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Note: this is related to How can I encourage my son (age 8) to stop sucking his thumb? but not a duplicate, as this case isn't about sucking the thumb but rather putting the finger (second finger, not thumb) in the mouth without sucking it.


My 8 (soon to be 9) years old son started a new habit not long ago. Whenever he's in "deep thought", he's shoving a finger into his mouth. He does not "suck" the finger, just keeping it there while he's thinking.

So far attempts to make him stop failed, he just keeps doing it. Wife tried the "bad cop" way, by shouting and threatening, I tried "good cop" way by explaining it's not good for his health and teeth and offering prize if he'll stop, but nothing really had any effect so far.

What can we do to stop this new habit?

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  • There are substances that used to be used to stop kids sucking their thumbs - they tasted bitter and unpleasant. A quick google didn't come up with any though, so maybe they aren't used any more.
    – Rory Alsop
    Sep 1 at 7:52
  • @Rory found one, but still, wonder if there are other ways. Sep 1 at 8:28
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As you've noticed telling a kid what they shouldn't do isn't very effective without any real fear factor. If a child is about to put his hands into an open flame and you "aggressively" (without hurting them, of course) pull them away and tell them it's dangerous with an obvious look of fear on your own face, they are not likely to try it again. That isn't really the right aproach to deal with someone putting a finger in their mouth when thinking.

A far more effective way to make children stop doing some habit is to replace it with something you do approve of. For example, if a child is being bullied by peers and their usual response is to hit them out of frustration, you can instead teach the child to stick out their hand and say (or shout): "Stop! I don't like that." which for small children is usually enough to end the conflict without someone getting physically hurt.

For your son, you could try teaching him to just place his finger on top of his lips instead of inside his mouth. Or put an open fist under his chin showing him a picture of the statue "the thinker" as an example. Preferably something you do yourself when thinking so that he can see you do it every once in a while in the right context.

Start by calmly explaining this at a neutral moment (when he is not already agitated or really tired and actually listening to what you are saying). Then when you catch him doing it the next time, you start by calmly forcing him to take his finger out of his mouth and doing what you want instead.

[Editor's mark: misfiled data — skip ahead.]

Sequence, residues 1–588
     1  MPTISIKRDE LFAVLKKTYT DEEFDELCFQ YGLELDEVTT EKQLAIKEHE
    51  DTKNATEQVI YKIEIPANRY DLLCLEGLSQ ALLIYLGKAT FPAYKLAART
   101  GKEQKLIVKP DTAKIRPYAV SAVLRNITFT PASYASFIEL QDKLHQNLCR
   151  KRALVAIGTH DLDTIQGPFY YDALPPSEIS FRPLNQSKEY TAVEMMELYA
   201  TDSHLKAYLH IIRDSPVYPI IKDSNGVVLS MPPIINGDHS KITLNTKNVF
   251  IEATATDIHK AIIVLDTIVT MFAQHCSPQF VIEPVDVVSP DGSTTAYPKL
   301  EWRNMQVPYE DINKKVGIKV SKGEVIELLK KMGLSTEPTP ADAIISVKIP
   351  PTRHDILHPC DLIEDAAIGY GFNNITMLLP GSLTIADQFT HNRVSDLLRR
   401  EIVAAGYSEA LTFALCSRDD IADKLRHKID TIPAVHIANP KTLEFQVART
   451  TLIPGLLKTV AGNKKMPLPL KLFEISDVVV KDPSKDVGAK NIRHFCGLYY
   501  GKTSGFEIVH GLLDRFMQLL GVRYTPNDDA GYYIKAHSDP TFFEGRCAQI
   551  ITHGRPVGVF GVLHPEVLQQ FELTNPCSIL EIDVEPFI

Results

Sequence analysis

This does not always have to be a fight. You can try to do it playfully too. For example, when he has his finger inside his mouth, you just place your own extended finger on top of his mouth and wait for him to realise what you are doing. If he pulls away somewhat annoyed too fast for it to have effect, you just show the movement he should do on yourself. If needed use your other hand to point to what you are doing so it's clear for him what he should notice.

Given that it's probably an unconscious habit already by now, it will take a lot of repetition reminding him of what to do. Learning new (better) habits isn't something that happens overnight.

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  • Thanks, those are really good ideas. Sep 16 at 7:51
  • "if a child is being bullied by peers and their usual response is to hit them out of frustration, you can instead teach the child to stick out their hand and say (or shout): "Stop! I don't like that." which for small children is usually enough to end the conflict without someone getting physically hurt." From my memories of being bullied as a child, something like that is more likely to make the bullies laugh at you and then bully you even harder.
    – nick012000
    Sep 22 at 7:26
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If it's an unconscious habit and he is willing to cooperate in breaking it, something to give a noticeable or mildly undesirable texture to his finger may be enough of a reminder. An adhesive bandage comes to mind, as they are generally sterile and you can cheaply replace them any time they get dirty.

It may also help to give him something else to do with his hands and/or mouth when thinking. There are a wide variety of fidget toys available for hands, and for mouth, sugarless gum is a good solution at home, although probably not encouraged at school.

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  • Gum might cause teeth problems, even without sugar, from what I remember reading in the past, but thanks for the other ideas, they're good and solid. :) Sep 22 at 6:58

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